Tai Sabaki / Counter ambush - MOVE get out of zero - secures your perimeter (keeps you covered)

Kuzushi (Off Balance) – Disrupts his ability to attack you (stuns him, unbalances him, changes his orientation, undermines what he needs in order to attack you.Kake (Finish IT) – End the confrontation – asses (look for other bad guys, make sure primary bad guy is controlled, follow up as needed)

Putting it all together
What is the lesson from the sword? If you can't get out of zero, you need to move where zero is. A couple ways to do this
  • Move 0 on the X axis. Pushing one shoulder while you pull the other shoulder making the opponent turn his back is an example of this. Like SWAT tactics this relies on surprise / stealth, speed, violence of action / commitment
  • Move 0 on the Y axis. This is where direct entry comes into play. Just like the sword a chin jab / palm heal strike forces the attacker into the observe –orient phase of the OODA loop at the same time bending his back (moving where 0 is)

That's a lot of words for something that really has to be felt / experienced to be of use.
So try this drill:
  • You partner stands in front of you arms straight hands on the outsides of your shoulders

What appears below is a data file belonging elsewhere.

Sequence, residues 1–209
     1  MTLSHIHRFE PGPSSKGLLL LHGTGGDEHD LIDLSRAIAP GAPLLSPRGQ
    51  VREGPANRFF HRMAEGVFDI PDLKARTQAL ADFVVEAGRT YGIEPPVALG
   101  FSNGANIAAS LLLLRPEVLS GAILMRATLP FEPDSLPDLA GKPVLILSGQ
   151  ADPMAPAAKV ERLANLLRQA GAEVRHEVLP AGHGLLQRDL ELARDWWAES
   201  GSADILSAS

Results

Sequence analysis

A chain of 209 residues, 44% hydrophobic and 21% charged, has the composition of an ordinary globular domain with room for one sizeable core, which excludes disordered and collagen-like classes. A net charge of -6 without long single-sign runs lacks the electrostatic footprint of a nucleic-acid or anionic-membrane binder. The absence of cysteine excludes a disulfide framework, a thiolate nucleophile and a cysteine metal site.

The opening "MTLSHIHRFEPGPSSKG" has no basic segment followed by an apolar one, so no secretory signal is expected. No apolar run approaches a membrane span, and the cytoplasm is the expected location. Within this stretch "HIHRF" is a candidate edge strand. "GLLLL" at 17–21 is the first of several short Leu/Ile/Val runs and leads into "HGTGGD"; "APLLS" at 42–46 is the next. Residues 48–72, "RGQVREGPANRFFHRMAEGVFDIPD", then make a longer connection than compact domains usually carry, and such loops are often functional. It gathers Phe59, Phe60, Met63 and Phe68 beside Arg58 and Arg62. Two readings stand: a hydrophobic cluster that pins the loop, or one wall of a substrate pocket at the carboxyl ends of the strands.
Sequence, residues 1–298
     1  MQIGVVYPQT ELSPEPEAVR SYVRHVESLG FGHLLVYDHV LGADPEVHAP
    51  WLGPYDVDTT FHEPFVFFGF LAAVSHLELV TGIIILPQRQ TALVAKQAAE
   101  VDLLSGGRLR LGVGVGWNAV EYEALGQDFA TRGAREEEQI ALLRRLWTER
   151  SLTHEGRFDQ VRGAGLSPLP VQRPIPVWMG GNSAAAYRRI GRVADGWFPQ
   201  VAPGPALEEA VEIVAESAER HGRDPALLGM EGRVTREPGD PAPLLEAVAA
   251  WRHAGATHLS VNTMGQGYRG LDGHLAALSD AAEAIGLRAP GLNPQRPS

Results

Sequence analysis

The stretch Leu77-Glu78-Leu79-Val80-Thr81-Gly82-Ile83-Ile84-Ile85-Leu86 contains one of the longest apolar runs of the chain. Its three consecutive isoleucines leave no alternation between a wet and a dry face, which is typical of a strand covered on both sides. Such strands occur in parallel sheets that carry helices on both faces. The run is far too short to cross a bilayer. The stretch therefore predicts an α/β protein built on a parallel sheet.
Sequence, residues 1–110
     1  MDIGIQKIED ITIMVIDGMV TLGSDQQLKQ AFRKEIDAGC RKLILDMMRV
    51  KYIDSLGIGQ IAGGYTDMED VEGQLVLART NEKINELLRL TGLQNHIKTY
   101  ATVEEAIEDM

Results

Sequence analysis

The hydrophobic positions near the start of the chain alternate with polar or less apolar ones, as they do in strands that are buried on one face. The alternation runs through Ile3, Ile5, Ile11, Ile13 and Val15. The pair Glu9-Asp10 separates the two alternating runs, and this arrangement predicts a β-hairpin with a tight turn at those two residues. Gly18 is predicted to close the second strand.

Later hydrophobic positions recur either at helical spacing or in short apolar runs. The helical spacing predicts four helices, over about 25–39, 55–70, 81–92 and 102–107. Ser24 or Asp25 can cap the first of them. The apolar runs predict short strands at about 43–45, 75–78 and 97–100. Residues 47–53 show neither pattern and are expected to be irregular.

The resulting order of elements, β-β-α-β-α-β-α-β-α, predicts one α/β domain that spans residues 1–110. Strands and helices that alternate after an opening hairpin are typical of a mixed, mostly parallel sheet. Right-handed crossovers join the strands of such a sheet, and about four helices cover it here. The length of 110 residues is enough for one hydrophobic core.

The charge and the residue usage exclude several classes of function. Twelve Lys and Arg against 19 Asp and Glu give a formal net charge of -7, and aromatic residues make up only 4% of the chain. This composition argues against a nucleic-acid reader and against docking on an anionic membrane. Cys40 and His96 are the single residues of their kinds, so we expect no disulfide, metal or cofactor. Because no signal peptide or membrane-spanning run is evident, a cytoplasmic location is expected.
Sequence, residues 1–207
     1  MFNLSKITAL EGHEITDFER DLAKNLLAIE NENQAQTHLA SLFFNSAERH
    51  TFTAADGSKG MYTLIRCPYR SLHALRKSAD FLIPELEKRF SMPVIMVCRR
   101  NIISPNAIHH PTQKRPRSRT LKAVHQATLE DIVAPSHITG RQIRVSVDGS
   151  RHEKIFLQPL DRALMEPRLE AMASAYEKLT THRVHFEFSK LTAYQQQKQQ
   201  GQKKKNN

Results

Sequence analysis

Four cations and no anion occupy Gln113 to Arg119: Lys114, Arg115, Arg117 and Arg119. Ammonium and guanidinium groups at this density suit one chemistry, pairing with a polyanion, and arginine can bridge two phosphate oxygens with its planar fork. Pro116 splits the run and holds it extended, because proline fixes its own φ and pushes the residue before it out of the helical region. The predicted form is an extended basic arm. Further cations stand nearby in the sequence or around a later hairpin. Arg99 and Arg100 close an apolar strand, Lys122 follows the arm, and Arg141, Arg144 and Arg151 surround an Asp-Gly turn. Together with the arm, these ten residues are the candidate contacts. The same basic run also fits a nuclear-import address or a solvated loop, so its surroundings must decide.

• Your partner's arms are stiff his/her job is to keep you inside their arms
  • Your job is to get out
  • Step between their legs as you chin jab / palm heal strike (go through hell to get to heaven)
  • Your palm should strike as your foot lands between their feet
  • When your foot lands, pivot on it to either enter or open – get out of zero dumb dumb
    • If you pivot to enter this should feel like a wrestling duck under. You will be out of 0 in the 21/2 position and have them in a nice head lock
    • If you pivot to open you will be in the 1 position and their resistive pressure should make them fly right by you and face plant or at least be off balanced and exposed
In summary get out of zero, if you can't get out of zero move where zero is, and lastly grown men playing with swords can lead to deeper understanding of close quarters combat.

Train hard, train smart, be safe


  1. You always give me lots to think about.

    And Lone Wolf and Cub. :-)


  2. It's a great drill. It really helps with the mind freeze of being stuck in zero. Especially when you get stuck in zero against a much larger opponent. Great post.. and awesome Wolverine Samurai